Lowest paid workers get 13 per cent wage increase
Posted Monday, July 9 2012 at 21:30
The law currently provides for a three-month jail term or a maximum Sh50,000 fine or both as general punishment for employers flouting labour laws.
The law also provides for a 48-hour break for domestic workers or compensation at the set hourly or daily rate.
The government has given legal backing to the minimum wage increments it announced on Labour Day, ignoring employers’ warnings that the move risked limiting creation of jobs and worsening unemployment.
The lowest paid workers have officially won a 13.1 per cent wage increment beginning May 1, 2012, according to a Kenya Gazette notice published by the Ministry of Labour.
The pay rise comes at a time when inflation is on a steady decline, translating to more purchasing power for the workers who have struggled keep afloat in the face of a swamping increase in the cost of living that peaked in the fourth quarter of last year.
Cashiers, heavy commercial truck drivers, bakery workers and tailoring assistants in major towns will receive the highest increment of Sh2,242.5 on their salary, excluding housing allowance, according to the gazette notice published last Friday.
Workers holding these positions and are based in Nairobi, Mombasa, Kisumu and other major towns are now entitled to a minimum of Sh19,360 per month up from Sh17,118 — or a daily wage, inclusive of housing allowance of Sh932.
Publication of the notice means the government did not agree with the Federation of Kenya Employers (FKE) proposal that the workers be awarded a nine per cent minimum wage increment but responded positively to trade unions’ demands for higher pay.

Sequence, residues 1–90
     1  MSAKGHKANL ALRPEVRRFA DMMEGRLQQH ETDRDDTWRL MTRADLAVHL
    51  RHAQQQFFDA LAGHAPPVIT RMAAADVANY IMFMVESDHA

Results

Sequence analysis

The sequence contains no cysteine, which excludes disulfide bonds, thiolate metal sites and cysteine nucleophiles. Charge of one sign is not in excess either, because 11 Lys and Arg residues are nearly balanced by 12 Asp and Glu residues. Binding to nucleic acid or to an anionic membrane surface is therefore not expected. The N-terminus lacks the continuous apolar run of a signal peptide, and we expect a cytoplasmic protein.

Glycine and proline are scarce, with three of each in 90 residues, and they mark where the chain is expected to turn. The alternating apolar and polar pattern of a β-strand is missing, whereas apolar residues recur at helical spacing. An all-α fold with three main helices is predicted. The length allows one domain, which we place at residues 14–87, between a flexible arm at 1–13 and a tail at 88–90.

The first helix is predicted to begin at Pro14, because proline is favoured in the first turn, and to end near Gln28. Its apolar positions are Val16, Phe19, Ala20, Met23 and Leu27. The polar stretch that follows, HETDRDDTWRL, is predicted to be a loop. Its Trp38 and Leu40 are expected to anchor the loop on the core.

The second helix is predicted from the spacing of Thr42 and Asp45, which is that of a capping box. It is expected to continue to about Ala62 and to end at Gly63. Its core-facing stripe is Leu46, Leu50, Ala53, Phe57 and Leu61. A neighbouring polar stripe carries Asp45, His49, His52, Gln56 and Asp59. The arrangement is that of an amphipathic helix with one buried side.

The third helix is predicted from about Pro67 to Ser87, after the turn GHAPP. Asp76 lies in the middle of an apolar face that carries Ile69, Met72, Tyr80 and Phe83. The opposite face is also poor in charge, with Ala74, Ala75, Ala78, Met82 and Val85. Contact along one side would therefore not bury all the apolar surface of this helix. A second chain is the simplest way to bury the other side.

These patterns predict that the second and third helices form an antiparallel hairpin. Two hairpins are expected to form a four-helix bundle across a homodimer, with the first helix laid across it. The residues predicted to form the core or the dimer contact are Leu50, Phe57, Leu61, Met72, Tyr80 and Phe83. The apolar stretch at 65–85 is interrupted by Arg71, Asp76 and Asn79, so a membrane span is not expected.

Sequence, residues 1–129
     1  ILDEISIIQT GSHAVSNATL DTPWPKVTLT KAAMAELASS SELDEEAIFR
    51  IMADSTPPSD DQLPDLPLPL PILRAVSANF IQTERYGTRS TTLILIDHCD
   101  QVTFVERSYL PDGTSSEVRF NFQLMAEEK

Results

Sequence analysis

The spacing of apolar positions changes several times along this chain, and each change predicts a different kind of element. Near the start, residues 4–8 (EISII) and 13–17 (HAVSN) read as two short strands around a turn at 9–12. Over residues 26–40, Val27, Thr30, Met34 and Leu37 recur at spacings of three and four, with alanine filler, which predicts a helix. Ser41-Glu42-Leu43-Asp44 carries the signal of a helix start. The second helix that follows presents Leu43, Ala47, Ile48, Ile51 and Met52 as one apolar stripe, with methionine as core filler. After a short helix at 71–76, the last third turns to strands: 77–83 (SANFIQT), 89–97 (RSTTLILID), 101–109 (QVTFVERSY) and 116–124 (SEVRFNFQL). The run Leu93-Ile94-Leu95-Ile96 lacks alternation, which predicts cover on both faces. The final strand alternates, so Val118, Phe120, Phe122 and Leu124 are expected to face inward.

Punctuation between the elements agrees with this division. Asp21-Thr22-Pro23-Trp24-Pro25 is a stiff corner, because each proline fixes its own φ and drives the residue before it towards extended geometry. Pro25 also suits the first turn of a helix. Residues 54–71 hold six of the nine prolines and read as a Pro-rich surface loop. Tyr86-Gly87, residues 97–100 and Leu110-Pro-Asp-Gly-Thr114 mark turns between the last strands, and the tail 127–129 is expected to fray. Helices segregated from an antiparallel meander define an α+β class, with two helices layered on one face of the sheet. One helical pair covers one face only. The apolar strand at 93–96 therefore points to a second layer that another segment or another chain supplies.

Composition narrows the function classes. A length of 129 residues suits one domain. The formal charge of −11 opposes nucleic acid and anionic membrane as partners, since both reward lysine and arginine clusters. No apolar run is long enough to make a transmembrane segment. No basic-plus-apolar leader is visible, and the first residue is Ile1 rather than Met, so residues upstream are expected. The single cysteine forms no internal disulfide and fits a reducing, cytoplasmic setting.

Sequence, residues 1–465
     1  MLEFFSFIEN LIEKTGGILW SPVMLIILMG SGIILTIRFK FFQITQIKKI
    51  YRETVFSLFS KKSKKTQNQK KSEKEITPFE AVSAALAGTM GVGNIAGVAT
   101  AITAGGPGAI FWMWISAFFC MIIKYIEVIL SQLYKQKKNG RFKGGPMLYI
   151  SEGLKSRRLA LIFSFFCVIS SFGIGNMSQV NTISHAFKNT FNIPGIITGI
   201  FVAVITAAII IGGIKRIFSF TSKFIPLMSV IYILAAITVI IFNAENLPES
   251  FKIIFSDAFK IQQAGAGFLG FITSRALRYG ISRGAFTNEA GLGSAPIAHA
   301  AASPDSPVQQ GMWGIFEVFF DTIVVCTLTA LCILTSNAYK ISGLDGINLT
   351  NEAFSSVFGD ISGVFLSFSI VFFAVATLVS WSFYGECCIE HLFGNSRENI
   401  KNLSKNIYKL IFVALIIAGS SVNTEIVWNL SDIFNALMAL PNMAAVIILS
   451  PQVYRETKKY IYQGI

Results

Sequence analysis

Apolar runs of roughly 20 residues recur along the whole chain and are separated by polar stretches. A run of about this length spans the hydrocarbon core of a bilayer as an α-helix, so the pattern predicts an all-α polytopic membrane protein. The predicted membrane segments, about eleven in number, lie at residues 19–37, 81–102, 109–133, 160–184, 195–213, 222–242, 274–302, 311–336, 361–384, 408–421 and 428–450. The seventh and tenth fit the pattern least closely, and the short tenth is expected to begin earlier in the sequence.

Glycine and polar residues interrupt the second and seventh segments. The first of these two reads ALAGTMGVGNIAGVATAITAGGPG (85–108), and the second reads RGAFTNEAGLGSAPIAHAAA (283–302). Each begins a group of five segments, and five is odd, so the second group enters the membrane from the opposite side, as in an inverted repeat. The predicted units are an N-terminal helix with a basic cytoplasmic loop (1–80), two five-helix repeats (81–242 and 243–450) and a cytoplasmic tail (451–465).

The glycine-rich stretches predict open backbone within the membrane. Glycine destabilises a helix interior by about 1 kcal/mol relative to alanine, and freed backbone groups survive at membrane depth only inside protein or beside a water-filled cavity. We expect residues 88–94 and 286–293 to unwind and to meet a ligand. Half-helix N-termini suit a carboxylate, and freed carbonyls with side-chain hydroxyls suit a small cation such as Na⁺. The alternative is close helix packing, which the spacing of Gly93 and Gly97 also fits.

Inflation rose steadily from a low of 5.4 per cent in January last year to 19.7 per cent in November, eroding the earnings of workers at the low end of the labour market who form the bulk of the workforce.
“Employers will obviously comply with the new wage rates but the unintended consequence is that fewer people will hired as businesses work to contain their costs,” said Jacqueline Mugo, the executive director of FKE.
Ms Mugo said rising labour costs are likely to slow down new investments and business expansion, in effect limiting the creation of jobs.
The private sector has been lagging behind the government in formal sector jobs creation according to official records published in May.
The sector created 47,000 new jobs last year compared to 56,000 the year before as economic growth dipped to 4.4 per cent from 5.8 per cent in the same period.
Deloitte East Africa – a consulting firm – said that cost-cutting, including a freeze on new hiring, has become a top priority for corporate Kenya as it seeks less costly means of riding out business uncertainties related to next year’s General Election.
Inflation has steadily dropped in recent months to stand at 10.5 per cent last month on account of lower fuel prices, a stronger shilling and increased food supply.
The government has more recently come under criticism over the annual minimum wage increments announced on Labour Day.
“Significant political pressure continues to play a big role in inflating the minimum wage rates to the detriment of employers and the entire economy,” said Patrick Obath, the chairman of the Kenya Private Sector Alliance.
“We often see the minimum wage rates published in response to short-term economic problems like high interest and inflation rates,” he said, adding that workers should get pay increments whenever it is justifiable.